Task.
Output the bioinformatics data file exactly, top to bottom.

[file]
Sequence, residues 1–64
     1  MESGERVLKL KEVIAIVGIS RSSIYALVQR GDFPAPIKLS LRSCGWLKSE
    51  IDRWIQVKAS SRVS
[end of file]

Sequence, residues 1–64
     1  MESGERVLKL KEVIAIVGIS RSSIYALVQR GDFPAPIKLS LRSCGWLKSE
    51  IDRWIQVKAS SRVS